Dr. Johnson said that in most depictions of the journey across the so-called middle passage from Africa to America, enslaved Africans were “voiceless and faceless, basically chattel. I tried to individualize them, to give them some dimension and show them, as well as the captain and crew, changing.”

One of the book’s more vivid characters is “Papa Zeringue,” an African American part-owner of the slave ship. Asked by Ms. Spencer about Papa’s complicity in the slave trade, Dr. Johnson pointed out that one of the first Africans to arrive in America, Anthony Johnson, was an indentured servant who eventually owned slaves himself. “We have a very simplistic notion of slavery,” he said, calling it an institution of “great complexity and every possible human interaction…it was called the ‘peculiar institution’ because of its peculiar ambiguity and gray areas.”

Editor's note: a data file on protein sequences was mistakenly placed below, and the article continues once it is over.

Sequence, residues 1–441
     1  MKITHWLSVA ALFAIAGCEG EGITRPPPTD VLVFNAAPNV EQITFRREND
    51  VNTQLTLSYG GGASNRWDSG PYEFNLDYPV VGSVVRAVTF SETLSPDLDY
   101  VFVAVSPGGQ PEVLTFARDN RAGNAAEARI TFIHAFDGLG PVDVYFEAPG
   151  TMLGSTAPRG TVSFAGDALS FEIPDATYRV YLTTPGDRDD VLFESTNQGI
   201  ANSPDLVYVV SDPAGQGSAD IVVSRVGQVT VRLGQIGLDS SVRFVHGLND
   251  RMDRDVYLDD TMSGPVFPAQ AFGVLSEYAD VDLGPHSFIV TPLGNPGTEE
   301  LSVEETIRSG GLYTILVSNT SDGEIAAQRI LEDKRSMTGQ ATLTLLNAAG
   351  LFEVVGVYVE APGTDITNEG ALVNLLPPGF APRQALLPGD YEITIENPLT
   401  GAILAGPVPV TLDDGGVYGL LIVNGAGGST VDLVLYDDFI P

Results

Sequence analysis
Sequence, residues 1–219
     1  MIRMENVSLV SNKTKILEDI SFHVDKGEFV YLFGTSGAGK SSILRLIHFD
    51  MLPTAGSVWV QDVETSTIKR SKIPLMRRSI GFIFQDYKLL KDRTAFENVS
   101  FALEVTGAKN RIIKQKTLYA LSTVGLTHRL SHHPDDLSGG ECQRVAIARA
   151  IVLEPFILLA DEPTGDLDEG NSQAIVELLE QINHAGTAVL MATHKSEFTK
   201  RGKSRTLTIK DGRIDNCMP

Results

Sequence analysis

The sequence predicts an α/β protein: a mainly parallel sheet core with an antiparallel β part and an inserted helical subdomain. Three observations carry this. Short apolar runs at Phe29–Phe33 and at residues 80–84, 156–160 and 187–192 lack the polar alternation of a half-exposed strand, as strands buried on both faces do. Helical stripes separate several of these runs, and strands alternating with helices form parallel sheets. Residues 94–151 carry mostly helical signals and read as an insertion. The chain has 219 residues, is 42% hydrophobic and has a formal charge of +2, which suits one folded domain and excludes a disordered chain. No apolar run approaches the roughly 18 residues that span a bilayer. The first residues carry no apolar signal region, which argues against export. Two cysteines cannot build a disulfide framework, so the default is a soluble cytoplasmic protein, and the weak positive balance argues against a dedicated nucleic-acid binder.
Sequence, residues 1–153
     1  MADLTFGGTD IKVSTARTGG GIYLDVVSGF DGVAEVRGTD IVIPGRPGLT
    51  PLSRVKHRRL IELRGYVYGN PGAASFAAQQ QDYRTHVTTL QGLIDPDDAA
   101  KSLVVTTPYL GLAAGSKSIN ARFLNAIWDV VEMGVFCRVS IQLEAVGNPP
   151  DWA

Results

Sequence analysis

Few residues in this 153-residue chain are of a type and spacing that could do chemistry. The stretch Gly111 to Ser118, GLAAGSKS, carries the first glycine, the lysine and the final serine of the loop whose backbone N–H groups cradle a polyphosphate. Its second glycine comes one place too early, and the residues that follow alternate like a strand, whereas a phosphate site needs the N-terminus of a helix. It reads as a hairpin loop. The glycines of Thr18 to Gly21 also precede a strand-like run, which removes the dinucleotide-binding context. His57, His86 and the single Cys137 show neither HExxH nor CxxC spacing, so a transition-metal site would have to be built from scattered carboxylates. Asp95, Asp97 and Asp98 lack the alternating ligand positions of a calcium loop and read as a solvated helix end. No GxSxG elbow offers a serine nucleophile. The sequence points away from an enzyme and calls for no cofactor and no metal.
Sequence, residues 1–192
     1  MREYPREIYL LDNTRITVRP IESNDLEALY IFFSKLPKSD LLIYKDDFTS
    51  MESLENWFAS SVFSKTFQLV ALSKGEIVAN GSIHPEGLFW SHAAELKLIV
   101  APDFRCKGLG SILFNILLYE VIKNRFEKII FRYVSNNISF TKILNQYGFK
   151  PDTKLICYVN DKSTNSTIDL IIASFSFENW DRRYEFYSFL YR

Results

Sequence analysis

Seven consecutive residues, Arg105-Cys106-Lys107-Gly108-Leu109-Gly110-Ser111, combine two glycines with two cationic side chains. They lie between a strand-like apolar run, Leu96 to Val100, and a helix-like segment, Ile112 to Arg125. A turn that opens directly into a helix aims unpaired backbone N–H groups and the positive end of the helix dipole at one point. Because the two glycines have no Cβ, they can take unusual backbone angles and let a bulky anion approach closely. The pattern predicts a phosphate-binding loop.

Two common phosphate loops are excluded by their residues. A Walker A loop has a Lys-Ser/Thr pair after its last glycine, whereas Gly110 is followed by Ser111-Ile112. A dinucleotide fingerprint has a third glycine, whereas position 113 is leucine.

The National Book Foundation, which administers the National Book Award, called it “a savage parable of the African American experience” and the New York Times said it was “in the tradition of ‘Billy Budd’ and ‘Moby-Dick’…heroic in proportion…fiction that hooks the mind.” A reviewer on Goodreads called it a “daring voyage of horror and self-discovery… a perfect blend of the picaresque tale, historical romance, sea yarn, slave narrative, and philosophical novel.” The Chicago Tribune wrote “Long after we’d stopped believing in the great American novel, along comes a spellbinding adventure story that may be just that.”